Italy opens comics mecca in Chicago

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Without a doubt, comics have emerged as a much-loved 21st-century art form. Could it get any better? When native Italians apply their mastery and artistic acumen to the task, there can only be one answer — and you don’t need Superman to skywrite it for you. Better still, a successful Italian school that trains future comic book artists and storytellers recently landed in the United States.

The International School of Comics (known in Italy as Scuola International di Comics) is up and running in Chicago. Founder and president Dino Caterini chose the city because of its reputation for nurturing new artistic ventures, and attracting Italian talents such as Chicago Symphony Orchestra conductor Riccardo Muti.

“This is a great city to start,” says Caterini, speaking through an interpreter, while in town for the Chicago Comic & Entertainment Expo. “The American culture here is softer and people are really friendly, very welcoming. And it’s a fact that in America, comic art is an institution — through books, graphic novels and the movie industry. The innovation and technology are impressive.”

So is the no-nonsense approach the school takes to help students to see the bigger picture. “

The artist is not just an artist,” says Annalisa Vicari, executive director of the Chicago location and herself an ISC graduate. “The concept is to grow a professional artist who can work as part of a team and on deadline. We want to cultivate their dream and let them grow, but to also teach them that it’s a job with compensation and production schedules. We teach them more than talent and technique.”

Caterini started the school in 1979 with the mission of passing on his skills as a successful comic artist and designer. To date, his school has nine locations in Italy, including branches in Rome, Turin, Naples and Florence.

“Our students have found jobs right after school and that’s how we became known,” Caterini adds. “The big factor in our evolution was the prestige we gained when we got recognized by Marvel Comics, DC Comics and the major film studios.”

Is there a superhero secret? If so, it might be as old as how Italian talent passes from generation to generation. “We call this a bottega school,” Vicari says. “In the past, the comic artists started as the assistant of a master — and this is our concept. These are not just teachers we have: They are artists teaching.”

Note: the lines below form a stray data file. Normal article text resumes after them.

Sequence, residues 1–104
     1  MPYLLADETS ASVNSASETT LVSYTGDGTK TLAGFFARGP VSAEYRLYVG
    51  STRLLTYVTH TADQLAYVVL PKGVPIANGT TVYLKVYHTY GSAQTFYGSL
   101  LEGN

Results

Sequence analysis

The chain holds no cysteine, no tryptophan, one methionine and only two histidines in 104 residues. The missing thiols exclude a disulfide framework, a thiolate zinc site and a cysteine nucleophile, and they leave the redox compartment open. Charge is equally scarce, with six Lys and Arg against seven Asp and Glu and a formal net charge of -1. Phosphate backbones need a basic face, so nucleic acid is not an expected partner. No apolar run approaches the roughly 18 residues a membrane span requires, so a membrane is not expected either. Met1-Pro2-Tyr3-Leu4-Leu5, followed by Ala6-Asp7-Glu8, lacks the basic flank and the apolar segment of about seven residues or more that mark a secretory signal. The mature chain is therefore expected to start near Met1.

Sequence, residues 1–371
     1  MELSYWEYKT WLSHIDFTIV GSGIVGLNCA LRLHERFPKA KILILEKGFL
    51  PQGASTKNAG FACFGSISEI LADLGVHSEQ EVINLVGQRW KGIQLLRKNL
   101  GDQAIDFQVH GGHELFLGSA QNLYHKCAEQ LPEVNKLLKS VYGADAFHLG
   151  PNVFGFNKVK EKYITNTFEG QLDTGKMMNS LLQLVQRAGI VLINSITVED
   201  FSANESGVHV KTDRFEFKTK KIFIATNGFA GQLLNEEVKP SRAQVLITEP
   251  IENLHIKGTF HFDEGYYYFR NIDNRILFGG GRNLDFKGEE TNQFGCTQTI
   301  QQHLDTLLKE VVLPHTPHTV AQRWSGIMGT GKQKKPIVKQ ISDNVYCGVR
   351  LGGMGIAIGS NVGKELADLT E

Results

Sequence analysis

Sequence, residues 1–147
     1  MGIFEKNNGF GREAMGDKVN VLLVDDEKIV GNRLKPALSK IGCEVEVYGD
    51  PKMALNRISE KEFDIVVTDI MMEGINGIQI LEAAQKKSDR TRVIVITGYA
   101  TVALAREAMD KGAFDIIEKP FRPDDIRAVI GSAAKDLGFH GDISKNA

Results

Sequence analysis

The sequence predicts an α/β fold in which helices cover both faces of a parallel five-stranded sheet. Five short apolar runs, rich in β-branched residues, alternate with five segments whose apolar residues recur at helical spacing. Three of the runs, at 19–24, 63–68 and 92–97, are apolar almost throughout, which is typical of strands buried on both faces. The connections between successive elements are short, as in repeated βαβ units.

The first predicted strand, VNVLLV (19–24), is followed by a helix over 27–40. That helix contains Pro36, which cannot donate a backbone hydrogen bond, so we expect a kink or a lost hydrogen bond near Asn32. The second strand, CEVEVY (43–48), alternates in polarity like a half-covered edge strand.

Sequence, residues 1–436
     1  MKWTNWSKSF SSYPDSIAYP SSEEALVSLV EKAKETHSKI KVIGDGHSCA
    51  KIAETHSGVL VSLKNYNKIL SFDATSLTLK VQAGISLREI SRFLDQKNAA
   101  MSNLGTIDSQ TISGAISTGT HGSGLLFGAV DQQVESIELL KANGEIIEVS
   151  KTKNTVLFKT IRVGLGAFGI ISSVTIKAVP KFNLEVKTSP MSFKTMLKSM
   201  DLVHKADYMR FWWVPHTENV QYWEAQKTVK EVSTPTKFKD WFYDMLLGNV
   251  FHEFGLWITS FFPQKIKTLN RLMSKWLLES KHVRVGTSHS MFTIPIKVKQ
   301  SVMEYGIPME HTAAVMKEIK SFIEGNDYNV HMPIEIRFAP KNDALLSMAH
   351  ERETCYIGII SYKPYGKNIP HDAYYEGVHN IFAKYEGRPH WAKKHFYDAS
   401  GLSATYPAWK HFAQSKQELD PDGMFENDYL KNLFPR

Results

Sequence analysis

And it’s quite the environment where classes take place. Large comic panels — many of them in Italian — grace the walls of the front entrance and classrooms, with genres from Japanese manga to old-school Looney Tunes represented. Signs of sunshine yellow, the school colors, are everywhere — and speaking of sun, the classrooms are bright and sleek, reflecting Caterini’s sharp-yet-playful aesthetic.

Yet it’s not out of reach for many students. “Our tuition is so low it’s ridiculous,” Vicari says. “We don’t want students paying off loans for the rest of their lives.”

To hear her tell it, it’s more about the personal and professional payoff. “This is a community. “Once our students start believing they can do this job, they get excited and sometimes we have to calm them down.”

The International School of Comics is located at 1651 W. Hubbard St., Chicago. To learn more about workshops and class schedules, call 312-265-0982, email or visit

About Lou Carlozo

Lou Carlozo is award-winning journalist who spent 20 years reporting for the Philadelphia Inquirer and Chicago Tribune. He began writing for Fra Noi in 2007, and claims maternal and paternal southern Italian lineage. The monthly Lou&A columnist and a music reviewer/writer, his work has appeared in Reuters, Aol, The Los Angeles Times, Christian Science Monitor and news outlets around the world. In 1993, he was a Pulitzer Prize team-reporting finalist for his contributions to the Tribune’s “Killing Our Children” series. He resides in Chicago with his wife of 21 years, a hospital chaplain, and their teenage son and daughter.

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